Name: Lewis C. Metzner
Date of birth: Dec. 13, 1952
Education: B.S., University of Maryland 1974; J.D. University of Baltimore School of Law 1977
Party Affiliation: Democrat
Political Experience: City Council member 1994-present; 1981 candidate for mayor
Q: A significant amount of public taxpayer money over a long period has been committed to help pay for the local share of debt service on the proposed multiuse sports and events center. If elected, would you continue to support this? Why or why not?
A: I support the present conceptual plan for this project. This plan involves the City receiving $25 million in grant money along with a three hundred thousand yearly rental payment from the Suns. Assuming this grant money is obtained, this has the potential to be one of the largest downtown redevelopment projects in our history with the bulk of the funding coming from non-city taxpayer money. If this funding does not materialize a new concept plan must be developed.
Q: How would you entice businesses to locate within city limits?
A: I, along with many candidates and current elected officials, believe that it is and has been time to “think big” as it relates to attracting business to our city in general, but especially as it relates to our downtown. An employer, such as the Board of Education located in our Center City would support multiple other smaller businesses. A new parking deck is integral to this project.
Q: In your opinion, what issue will be the most crucial facing the upcoming administration? How will you help address it?
A: The current economic times have put a huge strain on our City operations. We have reduced staffing levels to a point which cannot be sustained in the long term.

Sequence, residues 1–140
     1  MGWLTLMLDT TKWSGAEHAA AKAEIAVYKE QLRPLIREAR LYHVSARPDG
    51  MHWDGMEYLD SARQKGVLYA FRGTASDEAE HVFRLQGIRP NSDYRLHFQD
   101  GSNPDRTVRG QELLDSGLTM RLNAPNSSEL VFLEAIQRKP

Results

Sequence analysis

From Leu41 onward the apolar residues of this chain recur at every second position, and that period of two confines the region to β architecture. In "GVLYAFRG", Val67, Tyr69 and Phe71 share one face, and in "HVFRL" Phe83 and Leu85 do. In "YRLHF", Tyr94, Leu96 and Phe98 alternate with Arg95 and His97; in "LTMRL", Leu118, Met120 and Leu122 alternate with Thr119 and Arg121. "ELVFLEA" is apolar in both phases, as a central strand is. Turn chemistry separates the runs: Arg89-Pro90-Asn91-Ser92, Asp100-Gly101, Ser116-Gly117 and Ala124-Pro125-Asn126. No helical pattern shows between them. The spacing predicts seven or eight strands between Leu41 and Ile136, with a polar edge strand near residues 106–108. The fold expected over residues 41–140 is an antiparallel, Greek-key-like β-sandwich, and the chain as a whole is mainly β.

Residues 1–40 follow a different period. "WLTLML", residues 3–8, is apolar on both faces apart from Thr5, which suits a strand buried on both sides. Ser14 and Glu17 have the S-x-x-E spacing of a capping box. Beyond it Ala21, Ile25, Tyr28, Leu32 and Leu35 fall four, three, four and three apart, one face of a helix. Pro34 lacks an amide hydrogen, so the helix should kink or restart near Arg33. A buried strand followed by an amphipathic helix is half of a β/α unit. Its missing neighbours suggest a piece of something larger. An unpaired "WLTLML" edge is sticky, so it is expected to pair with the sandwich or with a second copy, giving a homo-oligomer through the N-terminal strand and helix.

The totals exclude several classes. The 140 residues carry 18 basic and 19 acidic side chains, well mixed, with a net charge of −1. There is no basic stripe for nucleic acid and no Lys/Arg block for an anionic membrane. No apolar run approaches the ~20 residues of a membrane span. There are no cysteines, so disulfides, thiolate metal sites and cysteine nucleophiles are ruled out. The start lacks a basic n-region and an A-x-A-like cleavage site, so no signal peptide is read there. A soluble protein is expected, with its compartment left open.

We have put off some very expensive, yet needed infrastructure projects, in order to keep utility rates at a reasonable price and concurrently have reduced our overall non-utility expenditures. Finding a method to fund these basic requirements of government without raising taxes will be the most difficult task facing this new administration.
Q: Do you think Hagerstown’s downtown can be truly “revitalized?” If so, what besides a new stadium, can the city do to spur the process?
A: Our citizens have a great long-term memory. We remember the downtown of the sixties, a vibrant retail center-before the valley mall. We however have a poor short-term memory. We forget the downtown of the 80’s and early 90’s; a downtown known for its adult book stores, “holes” in the square with the primary “entertainment” occurring at 2 A.M. when the bars let out.
Today the unit block of South Potomac Street proves what can occur in our city when the private and public sector come together to improve the quality of life for all of our citizens.
Q: Does Hagerstown have enough public safety personnel? If not, what changes would you make and how would you fund any increases?
A: Hagerstown is understaffed in many areas, none so evident as in our public safety sector. Our fire department must have its staffing brought up to at least the minimally acceptable standards. We should not be responding to fire calls with less than two firefighters on an engine. We have also seen a reduction in our police force due to the hard economic times. We need to supplement our police force in a number of new, innovative ways including the use of police “cadets” and additional sworn officers. Revenue from our speed cameras should be used to offset these additional expenses